disposition, who was liberally educated, elegant in manners and irreproachable in the morals by
which he lived his life.(15) Henry Sr. wanted his sons to be well educated, and chose
Yale-educated, Rev. Chauncey Graham to teach his sons "Reading, Writing and Speaking
correctly, the Learned Languages, with every branch of the Mathematicks, and polite Literature,"
with the reverend's promise that a special regard would be paid to morals, as well.(16)
But for his son John Henry, Henry Sr. realized that more personal attention was needed.
At ten years old, John Henry was brought home and put with a private tutor. At eleven, he was
sent to the New Milford CT grammar school. And, at the age of twelve, John Henry was accepted
at Yale College. Despite the handicaps of his age relative to the other students, the young man
graduated with honors in 1762. He was sixteen years old!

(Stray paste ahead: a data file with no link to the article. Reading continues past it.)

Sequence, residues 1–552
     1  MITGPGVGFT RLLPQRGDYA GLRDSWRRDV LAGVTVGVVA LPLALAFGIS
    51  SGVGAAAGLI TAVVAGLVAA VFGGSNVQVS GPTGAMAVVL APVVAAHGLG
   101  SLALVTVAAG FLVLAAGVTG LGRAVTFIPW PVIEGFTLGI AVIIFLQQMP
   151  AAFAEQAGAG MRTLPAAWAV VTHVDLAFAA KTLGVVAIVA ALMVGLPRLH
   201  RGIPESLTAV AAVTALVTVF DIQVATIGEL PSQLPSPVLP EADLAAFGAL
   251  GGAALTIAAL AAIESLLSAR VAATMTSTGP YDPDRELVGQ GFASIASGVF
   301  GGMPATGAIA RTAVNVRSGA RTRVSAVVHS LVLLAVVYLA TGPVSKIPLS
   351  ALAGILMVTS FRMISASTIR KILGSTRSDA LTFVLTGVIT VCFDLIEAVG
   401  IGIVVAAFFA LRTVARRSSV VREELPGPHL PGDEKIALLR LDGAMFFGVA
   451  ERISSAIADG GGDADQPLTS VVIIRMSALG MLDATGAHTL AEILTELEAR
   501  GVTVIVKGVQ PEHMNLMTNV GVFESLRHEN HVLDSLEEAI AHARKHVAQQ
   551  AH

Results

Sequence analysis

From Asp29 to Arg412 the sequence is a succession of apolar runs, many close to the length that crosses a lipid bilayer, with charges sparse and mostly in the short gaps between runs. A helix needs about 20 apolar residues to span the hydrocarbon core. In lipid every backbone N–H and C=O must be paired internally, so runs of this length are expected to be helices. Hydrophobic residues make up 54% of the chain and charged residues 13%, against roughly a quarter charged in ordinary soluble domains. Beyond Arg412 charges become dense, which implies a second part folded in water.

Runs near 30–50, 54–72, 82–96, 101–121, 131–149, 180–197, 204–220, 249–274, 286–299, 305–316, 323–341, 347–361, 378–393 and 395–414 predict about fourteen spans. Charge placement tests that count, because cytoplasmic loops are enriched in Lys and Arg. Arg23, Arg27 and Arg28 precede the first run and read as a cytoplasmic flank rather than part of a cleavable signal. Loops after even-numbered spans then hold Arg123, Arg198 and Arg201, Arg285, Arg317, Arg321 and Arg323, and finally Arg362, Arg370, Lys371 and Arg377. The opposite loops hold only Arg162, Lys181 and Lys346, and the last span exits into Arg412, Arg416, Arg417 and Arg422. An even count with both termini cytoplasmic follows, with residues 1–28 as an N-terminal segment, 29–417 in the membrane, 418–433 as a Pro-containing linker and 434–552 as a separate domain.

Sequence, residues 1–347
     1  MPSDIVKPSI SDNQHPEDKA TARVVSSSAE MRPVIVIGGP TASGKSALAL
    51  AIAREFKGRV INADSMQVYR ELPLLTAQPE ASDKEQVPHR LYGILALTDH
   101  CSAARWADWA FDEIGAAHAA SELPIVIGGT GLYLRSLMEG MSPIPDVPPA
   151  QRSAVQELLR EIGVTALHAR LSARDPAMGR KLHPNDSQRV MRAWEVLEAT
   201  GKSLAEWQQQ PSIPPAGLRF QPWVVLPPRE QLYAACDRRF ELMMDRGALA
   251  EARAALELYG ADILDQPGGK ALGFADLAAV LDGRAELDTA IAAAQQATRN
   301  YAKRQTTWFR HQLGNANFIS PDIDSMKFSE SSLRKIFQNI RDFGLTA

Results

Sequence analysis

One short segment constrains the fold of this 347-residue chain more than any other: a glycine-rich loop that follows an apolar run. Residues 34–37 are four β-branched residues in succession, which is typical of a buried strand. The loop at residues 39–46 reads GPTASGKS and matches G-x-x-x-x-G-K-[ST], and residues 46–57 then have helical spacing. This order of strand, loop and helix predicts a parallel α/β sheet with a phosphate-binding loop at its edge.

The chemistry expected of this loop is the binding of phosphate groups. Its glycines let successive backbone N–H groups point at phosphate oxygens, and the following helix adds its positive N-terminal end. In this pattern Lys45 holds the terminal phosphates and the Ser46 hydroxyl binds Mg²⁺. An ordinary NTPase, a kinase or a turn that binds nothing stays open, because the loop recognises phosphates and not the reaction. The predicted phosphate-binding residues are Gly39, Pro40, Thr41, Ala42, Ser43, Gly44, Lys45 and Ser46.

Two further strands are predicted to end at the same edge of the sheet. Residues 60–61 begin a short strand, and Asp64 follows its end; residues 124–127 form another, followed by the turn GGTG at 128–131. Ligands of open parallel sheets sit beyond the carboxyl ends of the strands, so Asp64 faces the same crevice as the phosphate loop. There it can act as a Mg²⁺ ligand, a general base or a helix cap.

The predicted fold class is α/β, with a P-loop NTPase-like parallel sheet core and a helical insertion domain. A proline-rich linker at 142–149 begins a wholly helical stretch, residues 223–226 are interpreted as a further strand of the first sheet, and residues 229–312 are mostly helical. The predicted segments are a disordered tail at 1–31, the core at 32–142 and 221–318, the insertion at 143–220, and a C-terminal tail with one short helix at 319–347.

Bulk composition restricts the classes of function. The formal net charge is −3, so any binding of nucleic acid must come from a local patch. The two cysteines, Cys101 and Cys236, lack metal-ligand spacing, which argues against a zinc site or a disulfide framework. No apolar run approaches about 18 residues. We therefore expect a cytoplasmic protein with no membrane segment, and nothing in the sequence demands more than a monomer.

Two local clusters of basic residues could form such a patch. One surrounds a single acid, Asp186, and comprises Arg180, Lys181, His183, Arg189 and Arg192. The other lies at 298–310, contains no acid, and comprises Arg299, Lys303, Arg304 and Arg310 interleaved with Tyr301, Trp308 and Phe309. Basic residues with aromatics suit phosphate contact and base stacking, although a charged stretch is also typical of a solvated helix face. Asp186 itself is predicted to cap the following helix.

John Henry went on to get his master's degree, and then a Doctor of Divinity in religion
from the University of Utrecht in Holland. A pastor and a scholar, John Henry spent the last
years of his life as president of Rutgers College.
Henry Jr., Henry and Susannah Conklin's third son, was seven years old and ready for
school when John Henry came home to study. It's possible that Henry Jr. attended Graham's
Dutchess Academy, though it's also possible that Henry shared his brother's tutor. But wherever
Henry Jr. might have gone to school, he took from his education a lifelong love of learning. And
when it came time to choose a wife, Henry chose Sarah Welles, whose father had been seriously
considered for the presidency of Yale in 1766.(17) But where Rev. Welles enjoyed publishing
papers such as The Divine right of Presbyterian ordination asserted, and the ministerial
authority, claimed and exercised in the established churches of New-England, vindicated and
proved(18), Henry was more apt to turn his hand to a rebus, a poem composed of questions, the
answers to which would spell out a name.
Though used as a game, solving a rebus required a wide knowledge of mythology and
classical history, at least they did the way Henry wrote them. The following rebus spells out the
name of Nancy Crooke, a Poughkeepsie belle whose brother was married to Henry's first cousin.